Back to the halls of Congress,
and yet another number for you. In a 363-56 vote reps of we-the-people defeated a motion that would have withdrawn the approval of Congress from the agreement establishing the WTO. Under the 1994 laws authorizing U.S. entry in the WTO the administration has to submit a report on the costs and benefits of membership. After the report is filed, any member of Congress can sponsor a resolution to withdraw from WTO.

Ron Paul of Texas duly did so, arguing that U.S. entry in the WTO is illegal and unconstitutional, Paul said. “It is the U.S. Congress that has the authority to regulate foreign commerce. Nobody else.” As with the senate resolution on Colombia put forward by Gorton, Paul and such Republican legislators as Bob Barr of Georgia formed common cause with anti-WTO radical Democrats like Kucinich or McKinney.

So there’s the math.
About 30 senators and 56 representatives can be relied upon to the right thing on big ticket items like wars abroad and the WTO. Against them are ranged the massed legislators of the Permanent Government , which is presently exerting itself mightily to keep Ralph Nader out of any debating venue for presidential candidates where he might have an opportunity to lay out these realities. CP

Jeffrey St. Clair is editor of CounterPunch. His new book is Killing Trayvons: an Anthology of American Violence (with JoAnn Wypijewski and Kevin Alexander Gray). He can be reached at: sitka@comcast.net. Alexander Cockburn’s Guillotined! and A Colossal Wreck are available from CounterPunch.

January 23, 2018
Carl Boggs
Doomsday Panic in Hawaii
Mark Ashwill
If I Were US Ambassador to Vietnam…
Jack Rasmus
US Government Shutdown: Democrats Blink…Again
Nick Pemberton
The Inherent Whiteness of “Our Revolution”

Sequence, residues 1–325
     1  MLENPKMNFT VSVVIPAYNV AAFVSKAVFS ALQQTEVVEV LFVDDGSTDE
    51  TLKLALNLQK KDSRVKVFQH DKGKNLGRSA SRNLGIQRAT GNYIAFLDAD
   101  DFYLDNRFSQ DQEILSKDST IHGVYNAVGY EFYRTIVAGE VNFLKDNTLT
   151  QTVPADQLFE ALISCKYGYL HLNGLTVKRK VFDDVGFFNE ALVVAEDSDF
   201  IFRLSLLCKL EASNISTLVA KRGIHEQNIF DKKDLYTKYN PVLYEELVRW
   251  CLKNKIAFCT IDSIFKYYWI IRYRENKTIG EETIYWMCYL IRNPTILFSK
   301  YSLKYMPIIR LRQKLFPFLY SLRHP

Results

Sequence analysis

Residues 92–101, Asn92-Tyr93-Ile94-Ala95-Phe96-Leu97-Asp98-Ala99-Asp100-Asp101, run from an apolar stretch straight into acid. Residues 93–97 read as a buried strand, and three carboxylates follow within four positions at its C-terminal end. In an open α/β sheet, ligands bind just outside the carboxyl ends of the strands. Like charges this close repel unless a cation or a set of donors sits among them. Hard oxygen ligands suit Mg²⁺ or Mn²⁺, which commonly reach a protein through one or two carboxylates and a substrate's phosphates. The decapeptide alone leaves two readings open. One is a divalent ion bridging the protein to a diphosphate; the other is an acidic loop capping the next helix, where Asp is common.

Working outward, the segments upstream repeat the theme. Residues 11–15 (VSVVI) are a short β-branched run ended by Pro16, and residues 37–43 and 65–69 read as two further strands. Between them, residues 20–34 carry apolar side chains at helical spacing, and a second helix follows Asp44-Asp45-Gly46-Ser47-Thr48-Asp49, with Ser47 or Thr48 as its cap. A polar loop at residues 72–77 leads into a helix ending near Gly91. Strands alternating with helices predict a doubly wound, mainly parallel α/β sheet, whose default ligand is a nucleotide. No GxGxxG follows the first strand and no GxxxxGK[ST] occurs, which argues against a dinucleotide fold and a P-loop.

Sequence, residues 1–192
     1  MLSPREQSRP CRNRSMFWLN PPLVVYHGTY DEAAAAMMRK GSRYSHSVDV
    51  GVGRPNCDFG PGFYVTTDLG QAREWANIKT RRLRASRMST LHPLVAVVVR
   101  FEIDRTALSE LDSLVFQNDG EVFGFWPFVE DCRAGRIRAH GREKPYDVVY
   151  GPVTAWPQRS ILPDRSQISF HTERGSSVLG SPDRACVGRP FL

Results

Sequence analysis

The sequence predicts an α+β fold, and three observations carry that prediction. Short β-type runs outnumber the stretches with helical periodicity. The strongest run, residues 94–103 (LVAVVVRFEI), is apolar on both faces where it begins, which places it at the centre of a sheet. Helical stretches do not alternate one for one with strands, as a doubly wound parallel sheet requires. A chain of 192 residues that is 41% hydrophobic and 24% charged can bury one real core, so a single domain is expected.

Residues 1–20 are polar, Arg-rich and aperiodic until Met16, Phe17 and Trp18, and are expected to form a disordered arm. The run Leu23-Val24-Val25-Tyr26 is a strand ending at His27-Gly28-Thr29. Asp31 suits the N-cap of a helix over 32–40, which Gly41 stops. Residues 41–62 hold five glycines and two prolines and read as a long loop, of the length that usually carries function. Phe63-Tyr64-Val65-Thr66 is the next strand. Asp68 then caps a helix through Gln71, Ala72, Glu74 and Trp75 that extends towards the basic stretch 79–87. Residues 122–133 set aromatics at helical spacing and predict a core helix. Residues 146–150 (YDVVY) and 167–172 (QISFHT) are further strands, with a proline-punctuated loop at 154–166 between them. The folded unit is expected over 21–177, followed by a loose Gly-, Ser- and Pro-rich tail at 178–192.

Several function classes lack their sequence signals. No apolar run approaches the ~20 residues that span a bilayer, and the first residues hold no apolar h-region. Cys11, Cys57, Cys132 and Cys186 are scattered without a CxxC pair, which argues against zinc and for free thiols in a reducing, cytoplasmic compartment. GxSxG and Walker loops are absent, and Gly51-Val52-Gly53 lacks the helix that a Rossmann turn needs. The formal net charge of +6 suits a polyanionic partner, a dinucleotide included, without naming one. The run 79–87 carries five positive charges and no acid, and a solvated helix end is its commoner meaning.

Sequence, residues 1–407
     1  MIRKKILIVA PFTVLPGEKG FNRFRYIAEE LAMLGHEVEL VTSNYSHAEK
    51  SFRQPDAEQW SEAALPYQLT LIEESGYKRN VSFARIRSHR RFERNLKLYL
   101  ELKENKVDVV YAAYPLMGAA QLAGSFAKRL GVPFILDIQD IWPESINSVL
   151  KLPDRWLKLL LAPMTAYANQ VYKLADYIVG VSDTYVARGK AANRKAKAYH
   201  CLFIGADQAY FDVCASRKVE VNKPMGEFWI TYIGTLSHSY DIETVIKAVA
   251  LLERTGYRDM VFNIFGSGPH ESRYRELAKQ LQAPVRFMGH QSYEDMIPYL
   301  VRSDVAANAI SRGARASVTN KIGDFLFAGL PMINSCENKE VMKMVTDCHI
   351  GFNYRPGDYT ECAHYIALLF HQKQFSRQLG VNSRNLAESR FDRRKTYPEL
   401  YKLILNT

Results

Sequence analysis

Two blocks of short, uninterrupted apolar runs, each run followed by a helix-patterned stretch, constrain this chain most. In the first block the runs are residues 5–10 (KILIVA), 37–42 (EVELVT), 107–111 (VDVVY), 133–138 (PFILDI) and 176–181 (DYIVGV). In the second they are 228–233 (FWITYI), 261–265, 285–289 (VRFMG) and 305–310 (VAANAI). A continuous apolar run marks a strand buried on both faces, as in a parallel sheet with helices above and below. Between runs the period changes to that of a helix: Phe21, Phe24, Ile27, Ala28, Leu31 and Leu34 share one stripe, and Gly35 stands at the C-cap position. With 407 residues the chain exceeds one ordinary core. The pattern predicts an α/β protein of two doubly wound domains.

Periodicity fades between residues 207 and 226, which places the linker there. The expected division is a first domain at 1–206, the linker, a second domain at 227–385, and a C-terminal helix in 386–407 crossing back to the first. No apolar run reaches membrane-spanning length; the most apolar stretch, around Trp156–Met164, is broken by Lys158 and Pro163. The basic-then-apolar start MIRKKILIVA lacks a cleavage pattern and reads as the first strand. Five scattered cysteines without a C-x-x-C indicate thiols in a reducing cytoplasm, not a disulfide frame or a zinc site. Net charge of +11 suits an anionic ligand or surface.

Leeann Hall
Trump’s Gift for the Unemployed: Kicking Them Off Health Care
Dean Baker
Lessons in Economics For the NYT’s Bret Stephens: Apple and Donald Trump’s Big Tax Cut
Mitchell Zimmerman
Law, Order and the Dreamers
Ken Hannaford-Ricardi
The Kids the World Forgot
Dave Lindorff
South Korea Slips Off the US Leash
Ali Mohsin
Extrajudicial Murder of Pashtun Exposes State Brutality in Pakistan
Jessicah Pierre
Oprah is No Savior
John Carroll Md
Keeping Haiti in Perspective
Amir Khafagy
Marching Into the Arms of the Democrats
January 22, 2018
Patrick Cockburn
It’s Time to Call Economic Sanctions What They Are: War Crimes
Jim Kavanagh
Behind the Money Curtain: A Left Take on Taxes, Spending and Modern Monetary Theory
Sheldon Richman
Trump Versus the World
Mark Schuller
One Year On, Reflecting and Refining Tactics to Take Our Country Back
Winslow Wheeler
Just What Earmark “Moratorium” are They Talking About?
W. T. Whitney
José Martí, Soul of the Cuban Revolution
Uri Avnery
May Your Home Be Destroyed          
Wim Laven
Year One Report Card: Donald Trump Failing
Jill Richardson
There Are No Shithole Countries
Bob Fitrakis - Harvey Wasserman
Are the Supremes About to Give Trump a Second Term?
Laura Finley
After #MeToo and #TimesUp
Howard Lisnoff
Impressions From the Women’s March
Andy Thayer
HuffPost: “We Really LOVED Your Contributions, Now FUCK OFF!”
Weekend Edition
January 19, 2018
Friday - Sunday
Paul Street
Dr. King’s Long Assassination
David Roediger
A House is Not a Hole: (Not) Caring about What Trump Says
George Burchett
How the CIA Tried to Bribe Wilfred Burchett
Mike Whitney
Trump’s Plan B for Syria: Occupation and Intimidation
Michael Hudson – Charles Goodhart
Could/Should Jubilee Debt Cancellations be Reintroduced Today?
Marshall Auerback – Franklin C. Spinney
Boss Tweet’s Generals Already Run the Show
Andrew Levine
Remember, Democrats are Awful Too
James Bovard
Why Ruby Ridge Still Matters
Wilfred Burchett
The Bug Offensive
Brian Cloughley
Now Trump Menaces Pakistan
Ron Jacobs
Whiteness and Working Folks
Jeffrey St. Clair
The Keeper of Crazy Beats: Charlie Haden and Music as a Force of Liberation
Robert Fantina
Palestine and Israeli Recognition
Jan Oberg
The New US Syria “Strategy”, a Recipe For Continued Disaster
ADRIAN KUZMINSKI
The Return of the Repressed
Mel Gurtov
Dubious Partnership: The US and Saudi Arabia
Robert Fisk
The Next Kurdish War Looms on the Horizon
Lawrence Davidson
Contextualizing Sexual Harassment
Jeff Berg
Approaching Day Zero
FacebookTwitterGoogle+RedditEmail